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RBI Keeps Repo and Reverse Repo Rates Unchanged After 3-Day Monetary Policy Review

News18.com
But despite the bonhomie with the RBI on growth forecast, the government may remain watchful of the risks.

Mumbai: The Reserve Bank of India (RBI) kept the key policy rates unchanged in its fifth bi-monthly policy announced on Wednesday. With no change in the rates, the repo rate remains at 6.50 percent while the reverse repo rate stands 6.25 percent.

The repo rate is the rate at which the central bank of the country lends funds to the commercial banks. The commercial banks borrow funds only if they witness a shortfall in their funds. The reverse repo rate is used by the monetary policy committee as a tool to control the money supply in the country.

The three-day meeting of the Monetary Policy Committee (MPC) started on December 3.

The MPC, which takes the decisions on the key interest rates, has six members, three of whom are members of the RBI, while the rest are appointed by the Government of India.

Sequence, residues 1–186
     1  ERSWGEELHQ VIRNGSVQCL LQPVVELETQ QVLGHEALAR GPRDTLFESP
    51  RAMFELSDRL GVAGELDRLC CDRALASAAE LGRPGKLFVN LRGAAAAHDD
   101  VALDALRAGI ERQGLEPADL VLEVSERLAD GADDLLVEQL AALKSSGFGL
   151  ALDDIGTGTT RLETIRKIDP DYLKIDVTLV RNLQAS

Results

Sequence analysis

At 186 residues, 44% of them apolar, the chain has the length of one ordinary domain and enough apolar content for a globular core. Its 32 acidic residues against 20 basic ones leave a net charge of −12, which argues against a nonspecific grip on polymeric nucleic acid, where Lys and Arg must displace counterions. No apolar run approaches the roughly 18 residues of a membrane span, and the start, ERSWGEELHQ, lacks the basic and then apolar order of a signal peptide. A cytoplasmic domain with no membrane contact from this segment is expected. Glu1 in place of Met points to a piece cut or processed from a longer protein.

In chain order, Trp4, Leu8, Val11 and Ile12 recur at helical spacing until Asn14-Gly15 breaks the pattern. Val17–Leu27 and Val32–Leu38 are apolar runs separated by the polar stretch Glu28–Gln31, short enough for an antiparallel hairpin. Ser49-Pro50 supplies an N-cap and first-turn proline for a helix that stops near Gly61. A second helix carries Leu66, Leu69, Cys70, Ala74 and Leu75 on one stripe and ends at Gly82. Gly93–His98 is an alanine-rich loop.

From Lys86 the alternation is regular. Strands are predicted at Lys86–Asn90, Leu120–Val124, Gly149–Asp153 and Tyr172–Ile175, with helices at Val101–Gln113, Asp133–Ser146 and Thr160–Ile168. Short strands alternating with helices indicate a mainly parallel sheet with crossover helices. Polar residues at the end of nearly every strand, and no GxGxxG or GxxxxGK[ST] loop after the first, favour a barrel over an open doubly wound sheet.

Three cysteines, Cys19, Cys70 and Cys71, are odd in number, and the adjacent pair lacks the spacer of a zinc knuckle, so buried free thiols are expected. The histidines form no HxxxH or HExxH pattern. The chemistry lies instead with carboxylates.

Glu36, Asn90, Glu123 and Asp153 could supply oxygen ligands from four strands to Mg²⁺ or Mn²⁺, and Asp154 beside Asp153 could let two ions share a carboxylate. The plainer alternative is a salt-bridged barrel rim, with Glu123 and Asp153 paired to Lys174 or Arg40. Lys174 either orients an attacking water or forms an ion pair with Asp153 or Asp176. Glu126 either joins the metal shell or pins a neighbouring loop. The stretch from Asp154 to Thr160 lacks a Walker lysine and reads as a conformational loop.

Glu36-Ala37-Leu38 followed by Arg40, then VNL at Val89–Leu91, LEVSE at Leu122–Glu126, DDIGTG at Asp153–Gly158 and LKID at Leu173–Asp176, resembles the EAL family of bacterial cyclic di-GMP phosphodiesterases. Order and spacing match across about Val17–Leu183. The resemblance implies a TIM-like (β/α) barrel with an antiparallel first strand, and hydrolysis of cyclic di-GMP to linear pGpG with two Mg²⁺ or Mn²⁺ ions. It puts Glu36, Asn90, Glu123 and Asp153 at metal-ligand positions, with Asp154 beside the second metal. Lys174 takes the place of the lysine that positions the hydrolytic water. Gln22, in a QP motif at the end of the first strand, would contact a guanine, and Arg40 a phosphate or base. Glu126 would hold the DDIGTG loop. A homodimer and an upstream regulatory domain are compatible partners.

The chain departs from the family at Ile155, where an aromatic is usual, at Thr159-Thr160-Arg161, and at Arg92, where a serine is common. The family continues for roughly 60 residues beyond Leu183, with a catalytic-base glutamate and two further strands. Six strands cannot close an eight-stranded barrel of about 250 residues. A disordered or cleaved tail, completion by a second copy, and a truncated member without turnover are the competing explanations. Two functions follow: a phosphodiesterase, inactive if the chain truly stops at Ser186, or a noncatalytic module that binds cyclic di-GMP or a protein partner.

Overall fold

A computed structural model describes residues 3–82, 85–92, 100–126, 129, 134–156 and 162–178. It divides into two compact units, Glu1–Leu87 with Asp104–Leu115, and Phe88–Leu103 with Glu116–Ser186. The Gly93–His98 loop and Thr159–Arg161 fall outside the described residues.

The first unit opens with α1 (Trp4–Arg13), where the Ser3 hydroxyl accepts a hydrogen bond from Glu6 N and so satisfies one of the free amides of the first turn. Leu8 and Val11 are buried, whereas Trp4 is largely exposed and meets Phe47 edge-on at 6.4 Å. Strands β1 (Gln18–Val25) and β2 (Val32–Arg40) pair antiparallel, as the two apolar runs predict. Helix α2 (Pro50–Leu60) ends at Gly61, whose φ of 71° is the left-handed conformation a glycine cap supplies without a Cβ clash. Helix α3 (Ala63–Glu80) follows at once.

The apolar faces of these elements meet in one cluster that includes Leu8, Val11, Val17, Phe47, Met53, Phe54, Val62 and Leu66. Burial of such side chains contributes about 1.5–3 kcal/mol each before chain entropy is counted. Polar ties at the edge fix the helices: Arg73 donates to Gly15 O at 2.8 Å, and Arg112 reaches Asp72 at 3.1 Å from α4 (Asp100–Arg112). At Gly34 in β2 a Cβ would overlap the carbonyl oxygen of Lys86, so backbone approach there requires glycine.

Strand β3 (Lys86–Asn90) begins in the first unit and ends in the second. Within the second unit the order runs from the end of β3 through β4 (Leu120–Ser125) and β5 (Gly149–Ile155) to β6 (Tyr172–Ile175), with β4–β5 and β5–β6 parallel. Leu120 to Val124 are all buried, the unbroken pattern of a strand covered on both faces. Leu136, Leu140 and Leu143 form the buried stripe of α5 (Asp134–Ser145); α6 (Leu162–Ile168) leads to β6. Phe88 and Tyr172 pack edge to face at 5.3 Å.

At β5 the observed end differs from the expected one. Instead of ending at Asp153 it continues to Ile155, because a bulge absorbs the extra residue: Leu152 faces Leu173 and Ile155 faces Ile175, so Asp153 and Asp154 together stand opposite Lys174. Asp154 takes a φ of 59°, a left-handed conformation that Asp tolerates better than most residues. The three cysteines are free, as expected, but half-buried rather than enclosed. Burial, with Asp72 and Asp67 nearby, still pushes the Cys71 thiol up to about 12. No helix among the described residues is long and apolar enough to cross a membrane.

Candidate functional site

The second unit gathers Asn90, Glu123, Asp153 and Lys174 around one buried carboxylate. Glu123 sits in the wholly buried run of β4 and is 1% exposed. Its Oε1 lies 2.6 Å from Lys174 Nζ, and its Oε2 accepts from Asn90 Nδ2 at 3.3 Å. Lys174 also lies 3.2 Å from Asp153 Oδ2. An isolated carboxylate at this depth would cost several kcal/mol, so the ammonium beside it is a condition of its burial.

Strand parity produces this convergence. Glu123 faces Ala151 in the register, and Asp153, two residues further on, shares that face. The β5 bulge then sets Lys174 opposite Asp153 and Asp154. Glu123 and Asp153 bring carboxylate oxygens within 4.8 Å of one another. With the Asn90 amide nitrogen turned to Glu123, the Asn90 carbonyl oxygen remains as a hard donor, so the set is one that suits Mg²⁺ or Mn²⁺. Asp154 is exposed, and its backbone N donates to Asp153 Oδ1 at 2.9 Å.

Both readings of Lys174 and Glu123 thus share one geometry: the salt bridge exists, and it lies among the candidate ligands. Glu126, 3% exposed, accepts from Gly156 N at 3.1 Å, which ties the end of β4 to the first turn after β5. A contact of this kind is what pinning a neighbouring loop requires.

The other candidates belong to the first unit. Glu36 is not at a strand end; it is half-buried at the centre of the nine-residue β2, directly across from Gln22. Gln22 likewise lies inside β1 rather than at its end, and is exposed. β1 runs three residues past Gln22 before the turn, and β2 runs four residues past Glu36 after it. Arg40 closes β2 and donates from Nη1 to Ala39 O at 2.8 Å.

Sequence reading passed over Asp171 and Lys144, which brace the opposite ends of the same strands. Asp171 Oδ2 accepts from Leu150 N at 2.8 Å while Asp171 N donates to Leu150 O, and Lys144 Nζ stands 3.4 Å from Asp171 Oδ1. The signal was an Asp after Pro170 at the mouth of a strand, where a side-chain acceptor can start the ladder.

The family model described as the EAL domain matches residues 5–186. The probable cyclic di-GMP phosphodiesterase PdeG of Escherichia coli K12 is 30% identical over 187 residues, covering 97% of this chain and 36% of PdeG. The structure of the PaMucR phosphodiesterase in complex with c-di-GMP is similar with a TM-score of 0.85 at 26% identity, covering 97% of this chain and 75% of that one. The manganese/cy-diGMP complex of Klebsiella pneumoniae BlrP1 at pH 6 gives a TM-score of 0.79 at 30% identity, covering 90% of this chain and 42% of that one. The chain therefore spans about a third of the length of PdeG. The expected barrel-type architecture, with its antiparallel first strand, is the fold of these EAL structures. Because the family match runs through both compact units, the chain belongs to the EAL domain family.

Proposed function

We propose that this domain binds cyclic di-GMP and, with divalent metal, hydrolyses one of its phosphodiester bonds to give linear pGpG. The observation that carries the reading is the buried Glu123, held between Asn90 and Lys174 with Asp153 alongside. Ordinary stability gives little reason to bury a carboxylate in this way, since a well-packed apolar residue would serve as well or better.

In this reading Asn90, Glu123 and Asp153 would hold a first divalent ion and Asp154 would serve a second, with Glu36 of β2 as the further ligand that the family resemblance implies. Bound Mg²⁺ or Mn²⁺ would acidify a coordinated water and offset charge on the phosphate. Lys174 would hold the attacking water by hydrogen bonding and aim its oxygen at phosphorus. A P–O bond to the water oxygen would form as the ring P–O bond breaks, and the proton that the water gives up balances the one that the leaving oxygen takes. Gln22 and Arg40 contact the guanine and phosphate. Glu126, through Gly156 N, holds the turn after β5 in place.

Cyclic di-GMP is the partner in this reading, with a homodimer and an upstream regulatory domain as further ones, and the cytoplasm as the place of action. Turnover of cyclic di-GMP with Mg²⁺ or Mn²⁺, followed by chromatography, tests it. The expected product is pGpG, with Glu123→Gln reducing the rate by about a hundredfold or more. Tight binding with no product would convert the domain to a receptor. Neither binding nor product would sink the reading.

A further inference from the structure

The board members include RBI governor Urjit Patel, RBI deputy governor Viral Acharya, executive director Michael Debabrata Patra, IIM Ahmedabad professor Ravindra H Dholakia, Delhi School of Economics director Pami Dua and Indian Statistical Institute Professor Chetan Ghate.

Data released last week showed the economy suffered an unexpectedly sharp slowdown in the July-September quarter, when annual growth slid to 7.1 percent from the two-year high of 8.2 percent posted in the previous quarter. The growth was projected at 7.4 percent for the current fiscal year to March 31.

In October, inflation eased to 3.31 percent.

The RBI had previously projected inflation at 3.9-4.5 percent by the end of March and at 4.8 percent for the first quarter of FY20, citing risks from rising crude oil prices, possible fiscal slippages in an election year, global market volatility.

The RBI has bought bonds worth Rs 10,600 crore through Open Market Operations (OMO) since September and is expected to further infuse Rs 40,000 crore more before the end of this fiscal year. Despite these moves, the system liquidity remains in deficit.